Of course, this isn’t necessarily a good or bad thing. Depending on your needs as a player, you may find that you prefer a guitar whose fundamental has a bit more presence.
Hopefully you now have a better idea of the important differences between short scale guitars and those with a standard scale. But if you still need to clear a few things up, here are some frequently asked questions:
Are short scale guitars bad?
Short scale acoustic guitar reviews aren’t really different from reviews of standard scale guitars. Some players will review a given guitar well, and some players won’t. Short scale guitars do have a slightly different sound than full-scale guitars. Some players prefer that sound and some dislike it.
There are a couple of potential disadvantages to a short scale guitar. If you have very large hands, you may find that fretting notes and chords is a challenge. Short scale guitars have frets that are spaced closer together, and that leaves less space for your fingers. This feature can get especially challenging as you move toward the body of the guitar. The frets are packed even closer together, so accurate fretting becomes a real challenge.
The other disadvantage only matters if you like to use dropped tunings (for example, double dropped D tuning) or alternate tunings. Because the string tension on a short scale guitar is already lower, lowering that tension at all can cause fret and string buzzing. That buzzing happens because the strings are relatively slack on the neck. So when they’re made even looser and then strummed or plucked, there’s a good chance they will hit a fret or two when you don’t want them to. However, adjusting the guitar’s action to better suit the tuning can help fix the issue.
So the short answer here is no — short scale guitars aren’t bad. But depending on your playing style and individual needs, you may find them to be better (or worse) for you than standard scale acoustic guitars.
What difference does scale length make on a guitar?
Though the difference between a standard scale and short scale guitar might seem small, it can have a major impact on tone and playability. here’s a quick rundown of the major differences:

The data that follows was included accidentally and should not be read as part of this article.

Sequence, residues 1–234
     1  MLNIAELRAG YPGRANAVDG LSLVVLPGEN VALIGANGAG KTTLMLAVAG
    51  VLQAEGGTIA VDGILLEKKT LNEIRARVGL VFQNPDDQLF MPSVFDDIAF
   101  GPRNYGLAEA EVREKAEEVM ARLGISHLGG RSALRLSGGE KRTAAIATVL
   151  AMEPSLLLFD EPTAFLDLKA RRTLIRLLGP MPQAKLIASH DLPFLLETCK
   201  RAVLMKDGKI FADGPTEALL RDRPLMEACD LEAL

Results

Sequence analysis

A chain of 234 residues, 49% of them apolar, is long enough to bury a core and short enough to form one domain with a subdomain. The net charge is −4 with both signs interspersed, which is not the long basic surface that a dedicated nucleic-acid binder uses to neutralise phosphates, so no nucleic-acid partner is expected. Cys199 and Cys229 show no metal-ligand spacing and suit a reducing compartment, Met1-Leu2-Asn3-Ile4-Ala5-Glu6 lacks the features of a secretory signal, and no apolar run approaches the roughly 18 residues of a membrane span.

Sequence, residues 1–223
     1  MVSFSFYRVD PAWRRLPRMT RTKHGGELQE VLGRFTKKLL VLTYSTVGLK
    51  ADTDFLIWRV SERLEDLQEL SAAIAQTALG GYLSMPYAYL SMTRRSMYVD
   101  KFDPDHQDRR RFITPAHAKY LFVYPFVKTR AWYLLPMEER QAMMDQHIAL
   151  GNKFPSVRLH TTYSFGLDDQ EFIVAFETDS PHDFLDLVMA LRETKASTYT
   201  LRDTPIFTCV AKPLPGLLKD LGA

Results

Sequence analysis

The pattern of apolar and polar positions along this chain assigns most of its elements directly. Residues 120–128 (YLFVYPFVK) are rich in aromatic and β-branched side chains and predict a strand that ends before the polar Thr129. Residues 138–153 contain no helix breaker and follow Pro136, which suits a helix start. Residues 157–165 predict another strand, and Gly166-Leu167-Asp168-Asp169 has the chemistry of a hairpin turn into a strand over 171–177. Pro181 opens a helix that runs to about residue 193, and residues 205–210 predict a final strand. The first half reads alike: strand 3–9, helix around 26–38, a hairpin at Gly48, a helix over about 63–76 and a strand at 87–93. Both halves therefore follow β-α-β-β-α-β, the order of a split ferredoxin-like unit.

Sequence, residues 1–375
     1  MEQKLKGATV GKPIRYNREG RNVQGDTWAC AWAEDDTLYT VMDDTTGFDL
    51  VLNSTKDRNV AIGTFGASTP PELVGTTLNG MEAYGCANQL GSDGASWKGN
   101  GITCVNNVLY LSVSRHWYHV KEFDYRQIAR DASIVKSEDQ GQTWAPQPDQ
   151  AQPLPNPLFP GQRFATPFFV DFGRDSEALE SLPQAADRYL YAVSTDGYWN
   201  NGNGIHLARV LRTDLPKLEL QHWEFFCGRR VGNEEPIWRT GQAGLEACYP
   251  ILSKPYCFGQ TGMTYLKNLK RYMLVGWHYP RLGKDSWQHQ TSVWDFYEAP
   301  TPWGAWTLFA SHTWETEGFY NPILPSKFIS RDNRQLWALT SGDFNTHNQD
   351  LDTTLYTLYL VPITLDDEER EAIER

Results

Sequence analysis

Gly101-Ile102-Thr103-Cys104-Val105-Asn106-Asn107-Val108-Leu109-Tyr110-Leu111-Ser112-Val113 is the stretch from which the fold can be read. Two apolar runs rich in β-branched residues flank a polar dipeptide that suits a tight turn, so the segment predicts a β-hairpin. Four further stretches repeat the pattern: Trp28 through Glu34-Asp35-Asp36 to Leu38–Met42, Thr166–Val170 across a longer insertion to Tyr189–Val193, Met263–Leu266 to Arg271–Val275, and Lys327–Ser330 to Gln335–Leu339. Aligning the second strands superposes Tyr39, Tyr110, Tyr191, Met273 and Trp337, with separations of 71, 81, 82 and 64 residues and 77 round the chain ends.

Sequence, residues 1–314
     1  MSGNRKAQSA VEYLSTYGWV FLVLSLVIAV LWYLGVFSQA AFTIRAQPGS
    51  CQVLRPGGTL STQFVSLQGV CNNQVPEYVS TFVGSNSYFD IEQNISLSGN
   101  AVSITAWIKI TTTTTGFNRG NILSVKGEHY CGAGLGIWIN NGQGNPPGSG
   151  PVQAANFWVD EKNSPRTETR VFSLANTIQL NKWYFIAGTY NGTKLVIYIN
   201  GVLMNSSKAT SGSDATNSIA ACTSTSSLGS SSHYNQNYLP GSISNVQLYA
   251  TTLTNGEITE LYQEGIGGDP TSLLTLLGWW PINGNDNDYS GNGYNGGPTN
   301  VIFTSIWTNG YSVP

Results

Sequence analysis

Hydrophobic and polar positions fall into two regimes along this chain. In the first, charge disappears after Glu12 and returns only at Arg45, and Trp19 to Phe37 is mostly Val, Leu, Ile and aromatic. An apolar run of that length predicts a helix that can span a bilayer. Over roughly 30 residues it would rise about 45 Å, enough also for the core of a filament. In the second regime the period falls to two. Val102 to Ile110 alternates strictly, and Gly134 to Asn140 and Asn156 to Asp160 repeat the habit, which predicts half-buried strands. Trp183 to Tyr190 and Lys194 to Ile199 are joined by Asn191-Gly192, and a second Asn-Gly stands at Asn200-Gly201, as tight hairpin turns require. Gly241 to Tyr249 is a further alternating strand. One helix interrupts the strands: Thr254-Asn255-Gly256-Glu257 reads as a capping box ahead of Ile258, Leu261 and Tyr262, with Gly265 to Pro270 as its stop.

- Lower string tension makes it more comfortable to play
- The strings are easier to bend
- The guitar is less likely to have problems with intonation
- Closer fret spacing makes playing easier if you have smaller hands
- Tonally, the guitar will sound warmer and mellower
Does scale length affect tone?
As you likely already know, virtually every aspect of an acoustic guitar shapes its tone in some way. Scale length definitely has an impact on a guitar’s tone, but it’s important to understand that its impact is far less than that of other factors. A guitar’s tonewoods, body style, and bracing pattern will all have far more impact on its tone than scale length does. Keep in mind that scale length’s impact on tone is also relatively small, and to the untrained ear, it may even be negligible.
Do short scale guitars sound different?
Short scale guitar acoustic tone is generally a bit different than that of a standard scale acoustic guitar. We mentioned above that the overtones produced tend to be of very similar frequencies. This feature tends to make short scale guitars sound a bit compressed.
Shorter scale guitars also tend to have more of a warm, midrange-focused sound. That sound tends to do especially well with fingerstyle playing, but whether it’s right for you or not is a matter of taste. By contrast, standard scale guitars tend to put more emphasis on higher and lower frequencies, leading to a somewhat mid-scooped sound.
What is the normal scale length for a guitar?
Guitars come in a range of different scale lengths. But the standard scale length is either 25.4″ or 25.5″, depending on the builder. Some builders, like Gibson, will use 24.75″ as a standard scale length on certain models.
Now that you have a decent understanding of short scale acoustics and what sets them apart, we hope that you’ll be able to decide for yourself whether or not one of these slightly smaller acoustics is for you. Remember to take into account the type of music you play, and be sure to look at more than just the scale length before making a selection. Happy playing!